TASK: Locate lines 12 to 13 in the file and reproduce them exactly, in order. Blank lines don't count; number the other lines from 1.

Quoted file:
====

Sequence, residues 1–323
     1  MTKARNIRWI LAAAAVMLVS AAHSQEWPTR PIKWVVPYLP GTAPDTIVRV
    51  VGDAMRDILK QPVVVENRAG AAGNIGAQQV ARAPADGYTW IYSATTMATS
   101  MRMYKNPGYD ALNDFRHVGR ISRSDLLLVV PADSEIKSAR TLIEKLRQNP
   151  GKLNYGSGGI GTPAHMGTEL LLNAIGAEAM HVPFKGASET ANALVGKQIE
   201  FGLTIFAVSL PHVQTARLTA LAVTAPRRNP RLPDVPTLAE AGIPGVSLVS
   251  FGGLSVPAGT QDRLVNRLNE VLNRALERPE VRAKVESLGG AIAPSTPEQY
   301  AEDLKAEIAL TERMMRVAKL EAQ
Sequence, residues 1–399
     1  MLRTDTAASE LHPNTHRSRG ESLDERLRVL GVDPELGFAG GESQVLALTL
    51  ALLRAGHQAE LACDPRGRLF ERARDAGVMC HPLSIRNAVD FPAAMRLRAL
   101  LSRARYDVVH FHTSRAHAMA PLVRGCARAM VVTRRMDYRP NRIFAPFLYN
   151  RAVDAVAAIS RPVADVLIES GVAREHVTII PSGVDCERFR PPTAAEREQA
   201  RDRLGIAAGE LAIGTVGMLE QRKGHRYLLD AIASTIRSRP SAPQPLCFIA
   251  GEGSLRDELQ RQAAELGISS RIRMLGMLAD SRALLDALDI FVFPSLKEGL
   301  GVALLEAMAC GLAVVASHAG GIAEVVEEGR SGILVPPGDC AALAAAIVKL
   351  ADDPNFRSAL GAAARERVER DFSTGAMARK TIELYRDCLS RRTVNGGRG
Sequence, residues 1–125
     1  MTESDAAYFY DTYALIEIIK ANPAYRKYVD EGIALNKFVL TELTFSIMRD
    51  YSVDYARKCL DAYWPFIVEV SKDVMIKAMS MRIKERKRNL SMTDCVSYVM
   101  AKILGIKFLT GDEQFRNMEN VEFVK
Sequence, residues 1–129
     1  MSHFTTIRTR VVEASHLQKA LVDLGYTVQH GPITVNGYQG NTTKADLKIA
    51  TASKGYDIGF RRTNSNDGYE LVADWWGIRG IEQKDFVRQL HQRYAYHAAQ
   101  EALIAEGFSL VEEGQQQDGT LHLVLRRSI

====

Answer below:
   101  LSRARYDVVH FHTSRAHAMA PLVRGCARAM VVTRRMDYRP NRIFAPFLYN
   151  RAVDAVAAIS RPVADVLIES GVAREHVTII PSGVDCERFR PPTAAEREQA